The calcitonin gene-related peptide monoclonal antibody galcanezumab (Emgality, Lilly) compared favorably to placebo for reducing the number of average monthly migraine days in a new study of people with treatment-resistant migraine headaches. “The patients included in our study had previously tried multiple migraine preventive treatments that didn’t work for them. These patients are left with limited treatment options to help with the debilitating pain of migraine,” said lead author Holland C. Detke, PhD, senior clinical research advisor at Eli Lilly and Company Biomedicines.
Participants who took the drug experienced “a rapid reduction in migraine days starting as early as month 1, and continuing through the 6 months of the study,” Dr. Detke said.
The treatment group reported an average 4.0 fewer monthly migraine days at 3 months, for example, compared with a baseline of 13.4 days, whereas the placebo group decreased an average 1.29 days from a similar baseline of 13.0 migraine days.
Dr. Detke presented these and other results of the open-label phase of the CONQUER phase 3 trial online as part of the 2020 American Academy of Neurology Science Highlights.
The investigators enrolled 462 adults with episodic or chronic migraine. All participants previously failed two to four migraine treatments because of insufficient efficacy or issues around tolerability or safety. At month 0, 232 people were randomly assigned to galcanezumab and another 230 to placebo injections. At 3 months, 449 participants received a galcanezumab injection as part of the open-label treatment phase.
Participants were an average 48 years old, approximately 86% were women, and 82% were white. At baseline, mean Migraine Specific Quality of Life Role Function Restrictive (MSQ RFR) domain score was 45, “indicating significant impairment in functioning,” Dr. Detke said. At the same time, mean Migraine Disability Assessment Test (MIDAS) total score was 51, “indicating quite severe disability.”
The decrease in migraine days at 3 months — 4.0 days with treatment versus 1.29 with placebo — was statistically significant (P < .0001). During the open-label phase, participants who switched from placebo “essentially catch up to where the previously treated people were,” Dr. Detke said. At 6 months, the decrease in average monthly headache days was 5.60 in the initial galcanezumab group versus 5.24 in the initial placebo group.
Significant differences at 3 months versus baseline were observed in participants who received galcanezumab when investigators assessed reduction in 50% or more, 75% or more, or 100% of mean monthly migraine days. No such significant decreases were seen in the placebo group.
Treatment-emergent adverse events reported in the open-label phase included nasopharyngitis in 4.2%, injection site pain in 3.8%, and injection site erythema in 2.7%. Five participants discontinued during the open-label phase because of adverse events.
The results of the study suggest galcanezumab “should be considered as a treatment option for patients who have not had success with previous treatments,” Dr. Detke said.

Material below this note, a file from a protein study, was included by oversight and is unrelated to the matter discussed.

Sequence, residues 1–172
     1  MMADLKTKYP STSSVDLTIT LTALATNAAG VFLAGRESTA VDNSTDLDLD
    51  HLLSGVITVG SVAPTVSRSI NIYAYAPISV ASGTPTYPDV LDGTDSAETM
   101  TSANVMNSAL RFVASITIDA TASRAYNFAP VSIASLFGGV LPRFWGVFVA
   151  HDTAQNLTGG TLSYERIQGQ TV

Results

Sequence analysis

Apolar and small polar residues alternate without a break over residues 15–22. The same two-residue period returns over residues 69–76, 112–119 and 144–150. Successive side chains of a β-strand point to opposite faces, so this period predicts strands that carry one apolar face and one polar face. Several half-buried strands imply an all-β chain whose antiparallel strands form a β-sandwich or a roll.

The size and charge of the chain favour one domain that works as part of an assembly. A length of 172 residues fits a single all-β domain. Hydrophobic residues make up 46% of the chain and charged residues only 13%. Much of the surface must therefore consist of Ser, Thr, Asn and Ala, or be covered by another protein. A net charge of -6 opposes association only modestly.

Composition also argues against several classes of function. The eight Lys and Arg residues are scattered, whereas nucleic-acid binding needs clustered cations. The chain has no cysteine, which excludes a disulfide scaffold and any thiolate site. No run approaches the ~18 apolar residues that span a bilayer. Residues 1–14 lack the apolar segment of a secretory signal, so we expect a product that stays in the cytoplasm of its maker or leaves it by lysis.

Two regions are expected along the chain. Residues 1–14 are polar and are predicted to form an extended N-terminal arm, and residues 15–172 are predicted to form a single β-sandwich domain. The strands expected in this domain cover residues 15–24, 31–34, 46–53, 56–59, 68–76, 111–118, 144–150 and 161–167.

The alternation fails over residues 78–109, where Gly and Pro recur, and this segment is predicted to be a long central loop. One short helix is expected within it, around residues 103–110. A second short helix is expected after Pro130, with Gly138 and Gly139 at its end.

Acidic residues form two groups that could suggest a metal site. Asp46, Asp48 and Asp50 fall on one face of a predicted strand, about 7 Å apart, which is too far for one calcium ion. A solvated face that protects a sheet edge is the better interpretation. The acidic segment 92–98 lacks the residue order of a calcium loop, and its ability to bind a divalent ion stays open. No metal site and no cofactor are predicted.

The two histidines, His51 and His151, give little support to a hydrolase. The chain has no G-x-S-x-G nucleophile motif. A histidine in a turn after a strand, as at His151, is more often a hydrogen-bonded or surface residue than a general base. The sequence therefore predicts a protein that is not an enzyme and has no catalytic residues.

Multiple Strengths of Study
“It is encouraging that galcanezumab works in patients who have failed prior reduction strategies,” A. Laine Green, MD, a neurologist at Dartmouth-Hitchcock Medical Center in Lebanon, N.H., said when asked to comment.
This study did not look at patients who have failed more than four previous reduction strategies, he added. “Clinically we see many of these patients. To be fair, no one has studied this group using the monoclonal antibodies.”
Dr. Green noted several strengths of the study. The groups were similar, there were few dropouts during the open-label extension, and there were no unexpected side effects or adverse events. “Those who got placebo caught up to those who received active treatment in the double-blind phase,” he said. “It is also nice to see patient reported outcomes improved as headaches improve. This adds consistency to the results.”
One caveat, Dr. Green noted, is “with open-label extensions, there is always the potential for bias because patients know what treatment they are receiving.”
Overall [the study] gives hope that patients who have failed previous reduction strategies may respond to the newer monoclonal antibodies.”
Aligns With Previous Findings
The results are “the same as any other long-term extension study of a drug for migraine,” Stephen Silberstein, MD, said when asked to comment. “The longer one takes it, the better you get.”
The research also confirms that if you switch patients taking placebo to an active treatment, they get better, added Dr. Silberstein, director of the Headache Center at Jefferson Health in Philadelphia.
Because they are injections, agents such as galcanezumab, other monoclonal antibodies, and botulinum toxin offer better compliance for headache compared with small molecule medications that require daily oral dosing, he added.
Eli Lilly and Company funded the study. Dr. Holland Detke is a Lilly employee. Dr. Green collaborated with Lilly on a poster for the AHS scientific meeting on a similar topic but did not receive compensation. Up until August 2019, he served as a consultant for Lilly, Novartis, Teva and Allergan. Dr. Green is also a member of the Medscape and American Headache Society Migraine Steering Committee. Dr. Silberstein is a member of the advisory board and consultant for Lilly.
Source: Detke HC et al. AAN 2020. Abstract 43625.
This story originally appeared on MDedge.com.